We had more context to go with the naturalism, and the immersiveness of all of the elements. Then I think about things like casting choices. I think by not casting name actors, it was so critical because you don’t know who they are. They represent the everyman. and then really leaning into those moments of travesty and drilling down and not giving a respite to the audience. That’s a bold move, right? I mean, shit, we sat at the end of the Tiff premier of the film and it was fucking silence. and we’re thinking, oh my god, they don’t like it. But it, but it wasn’t that. It’s just that, I think it’s done something to audiences that very few films do.
Awards Daily: This film is not heavy on dialogue at all. Did you find it more challenging to manage structure without that much dialogue?
Lesley Paterson: Yes. Story architecture is at the essence of a good screenplay not dialogue, and unfortunately, people don’t always see that it is an absolute mathematical problem to figure out how you are going to hit those beats and have the impact that you want to have in a way that does not reveal the structure. It is so hard. And then you’re trying to stay true to the essence of a novel that is a masterpiece. Therefore, for me, it became more about rhythm and pacing. One of the biggest things if you’re not focused on dialogue is juxtaposition. Juxtaposition in every sense of the word, whether that’s music or sound, whether that’s what scene butts up against another one, and then considering the visual. You’ve got human nature versus the intensity of the battlefield, and then of course you’ve got the decisions made by the upper brass.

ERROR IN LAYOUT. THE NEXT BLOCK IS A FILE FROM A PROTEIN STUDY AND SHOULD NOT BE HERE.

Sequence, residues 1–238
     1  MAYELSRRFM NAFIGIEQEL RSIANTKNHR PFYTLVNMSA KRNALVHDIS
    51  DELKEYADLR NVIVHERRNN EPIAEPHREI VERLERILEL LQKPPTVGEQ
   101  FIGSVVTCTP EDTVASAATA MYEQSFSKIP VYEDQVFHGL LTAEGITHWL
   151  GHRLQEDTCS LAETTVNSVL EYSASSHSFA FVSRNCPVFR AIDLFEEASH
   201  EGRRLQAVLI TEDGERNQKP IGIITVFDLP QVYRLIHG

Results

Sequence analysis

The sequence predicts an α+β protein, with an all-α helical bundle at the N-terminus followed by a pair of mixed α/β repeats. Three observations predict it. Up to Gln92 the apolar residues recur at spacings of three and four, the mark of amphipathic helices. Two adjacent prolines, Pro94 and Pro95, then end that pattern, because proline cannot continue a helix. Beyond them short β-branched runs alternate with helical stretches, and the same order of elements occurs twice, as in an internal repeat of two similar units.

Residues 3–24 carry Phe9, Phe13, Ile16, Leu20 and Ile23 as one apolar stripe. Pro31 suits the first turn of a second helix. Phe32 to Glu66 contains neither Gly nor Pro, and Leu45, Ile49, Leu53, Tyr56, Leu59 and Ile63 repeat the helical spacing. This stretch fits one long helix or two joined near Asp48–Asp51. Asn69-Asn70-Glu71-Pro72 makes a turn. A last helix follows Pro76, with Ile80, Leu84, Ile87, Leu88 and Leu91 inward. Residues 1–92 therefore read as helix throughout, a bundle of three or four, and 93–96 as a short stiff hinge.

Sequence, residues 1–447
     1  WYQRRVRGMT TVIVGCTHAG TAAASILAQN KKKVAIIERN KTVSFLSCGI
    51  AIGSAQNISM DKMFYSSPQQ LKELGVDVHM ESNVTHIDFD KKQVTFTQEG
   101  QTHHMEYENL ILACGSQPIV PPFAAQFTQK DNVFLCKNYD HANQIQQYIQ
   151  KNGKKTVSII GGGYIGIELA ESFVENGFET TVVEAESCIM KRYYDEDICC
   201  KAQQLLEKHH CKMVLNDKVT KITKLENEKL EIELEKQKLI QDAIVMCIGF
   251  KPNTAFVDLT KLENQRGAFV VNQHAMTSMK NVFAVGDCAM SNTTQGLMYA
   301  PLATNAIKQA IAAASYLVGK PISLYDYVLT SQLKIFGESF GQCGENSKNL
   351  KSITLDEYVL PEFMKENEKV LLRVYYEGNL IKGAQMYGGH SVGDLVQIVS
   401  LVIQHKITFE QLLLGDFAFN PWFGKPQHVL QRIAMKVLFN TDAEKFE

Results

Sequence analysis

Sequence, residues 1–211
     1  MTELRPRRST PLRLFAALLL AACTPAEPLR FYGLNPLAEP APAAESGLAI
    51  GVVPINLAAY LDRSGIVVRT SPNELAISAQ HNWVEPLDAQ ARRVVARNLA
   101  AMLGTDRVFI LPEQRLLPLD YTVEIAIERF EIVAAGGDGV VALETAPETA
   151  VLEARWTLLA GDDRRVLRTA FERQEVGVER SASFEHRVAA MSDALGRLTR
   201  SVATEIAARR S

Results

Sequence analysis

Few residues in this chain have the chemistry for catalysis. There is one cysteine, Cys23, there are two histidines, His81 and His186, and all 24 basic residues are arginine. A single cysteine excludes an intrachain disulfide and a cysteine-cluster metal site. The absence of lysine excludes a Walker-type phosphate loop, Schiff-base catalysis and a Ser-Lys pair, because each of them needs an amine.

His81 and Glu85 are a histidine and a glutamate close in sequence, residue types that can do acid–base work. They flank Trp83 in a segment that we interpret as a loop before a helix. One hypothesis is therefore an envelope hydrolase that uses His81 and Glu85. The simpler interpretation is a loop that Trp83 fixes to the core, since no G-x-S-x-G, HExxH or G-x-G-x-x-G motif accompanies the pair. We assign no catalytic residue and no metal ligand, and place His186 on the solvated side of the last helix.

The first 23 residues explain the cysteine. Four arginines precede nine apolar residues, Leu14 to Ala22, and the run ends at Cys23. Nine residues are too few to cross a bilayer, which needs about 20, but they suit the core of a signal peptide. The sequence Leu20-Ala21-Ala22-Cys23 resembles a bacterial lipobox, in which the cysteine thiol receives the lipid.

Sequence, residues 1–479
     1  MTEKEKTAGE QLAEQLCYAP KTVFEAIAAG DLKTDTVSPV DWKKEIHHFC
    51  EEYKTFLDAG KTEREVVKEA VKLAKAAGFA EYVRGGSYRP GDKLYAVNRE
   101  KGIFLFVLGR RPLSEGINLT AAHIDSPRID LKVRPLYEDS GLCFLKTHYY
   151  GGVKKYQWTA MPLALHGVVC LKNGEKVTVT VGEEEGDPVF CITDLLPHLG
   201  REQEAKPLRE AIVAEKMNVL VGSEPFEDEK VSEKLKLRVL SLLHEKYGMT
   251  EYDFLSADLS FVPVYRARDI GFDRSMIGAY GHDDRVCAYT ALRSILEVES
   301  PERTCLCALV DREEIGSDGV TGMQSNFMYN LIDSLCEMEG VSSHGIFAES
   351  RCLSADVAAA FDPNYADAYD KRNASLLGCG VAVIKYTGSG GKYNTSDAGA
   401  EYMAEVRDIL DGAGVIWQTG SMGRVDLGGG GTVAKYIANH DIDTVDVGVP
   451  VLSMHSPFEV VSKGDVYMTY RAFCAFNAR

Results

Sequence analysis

You’ve got all of these different layers that go on that you’re trying to figure out. Then when you do have dialogue, it really needs to matter. But my biggest pet peeve in war films is when all they’re talking about is how awful it is. Because do you really talk about that? You don’t, but yet you need to convey how awful it is. My most favorite scene is actually in the latrine with the letters, because it shows such immense humanity and it tells you everything that you need to know about the fact that these men are forever changed and will never be able to go home.
But it’s done in such a beautiful way that exposes it. There’s a shock in it. There’s a shock in it for Paul when he finds out that Kat actually has a kid. There’s so many moments in that scene, and they’re so subtle and clever. I think as well, when it comes to action, how do you keep the audience engaged? Because everybody’s seen everything before. And action to me only means action. It only has an impact if it’s driven by character, or by emotion. or a choice. So then you have to figure out, well, why is this action important? How does it drive the story? How does it drive a theme and how does it impact the character or be driven by the character? Every piece of action in our film has that. So you’re then having to really tell your story in ways that are actually more complicated.